5. ryan permalink
    November 7, 2010 3:20 pm

    I had some serious issues with this film. Me and my wife are planning our first child, so it’s a subject of great interest to us.

    First off, after following up on a lot of the statistics in the film, it was clear the film was overly biased and went against the main message it claimed to making. Which was informing women about facts and options.
    The part of the film I appreciated was a much needed crtitical review of hospital birthing techniques and it’s disturbing trend towards 0ver-intervention. It also raised a lot of very important questions, such as “Why does this country have such a high c-section rate?”.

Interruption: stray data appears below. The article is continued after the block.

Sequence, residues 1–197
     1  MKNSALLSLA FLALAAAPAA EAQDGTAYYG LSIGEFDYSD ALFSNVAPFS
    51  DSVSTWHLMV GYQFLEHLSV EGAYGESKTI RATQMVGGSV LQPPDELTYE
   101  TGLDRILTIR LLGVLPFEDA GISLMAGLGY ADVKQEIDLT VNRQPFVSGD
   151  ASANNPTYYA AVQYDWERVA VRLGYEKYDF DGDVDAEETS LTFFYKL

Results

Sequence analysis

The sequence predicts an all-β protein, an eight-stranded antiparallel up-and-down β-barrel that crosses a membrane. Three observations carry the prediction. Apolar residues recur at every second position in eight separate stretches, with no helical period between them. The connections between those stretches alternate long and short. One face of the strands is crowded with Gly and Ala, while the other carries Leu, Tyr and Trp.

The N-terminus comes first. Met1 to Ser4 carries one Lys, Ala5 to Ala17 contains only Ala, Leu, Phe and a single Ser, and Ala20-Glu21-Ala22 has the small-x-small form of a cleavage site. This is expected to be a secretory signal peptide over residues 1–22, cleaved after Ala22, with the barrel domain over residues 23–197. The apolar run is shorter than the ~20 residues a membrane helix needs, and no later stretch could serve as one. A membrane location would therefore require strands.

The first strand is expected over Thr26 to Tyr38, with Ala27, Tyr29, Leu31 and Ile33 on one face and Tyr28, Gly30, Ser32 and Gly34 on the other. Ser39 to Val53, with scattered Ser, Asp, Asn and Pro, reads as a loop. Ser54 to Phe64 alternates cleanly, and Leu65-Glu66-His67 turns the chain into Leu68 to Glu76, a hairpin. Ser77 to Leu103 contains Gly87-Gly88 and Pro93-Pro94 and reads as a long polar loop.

Unfortunately all the great stuff was encased within a pro-homebirth propaganda piece.
    Which I didn’t even fully realize until taking the time to research the films contents. Which I highly recommended all prospective parents do, before really taking in all of the information from this film. I’m a film editor by trade, so i know a well crafter propaganda film when I see one. Which I would forgive it for, if it deliverd (pun intended) on atleast it’s facts being unbiased.

    The vast majority of the numbers/stats reported in the film are cherrypicked, misreported or taken out of context to favor home-birth. Which is sad, what I’d love to see is a documentary that is equally critical of both sides, displays full study findings and is also supportive and nurturing to prospective moths who choose either option.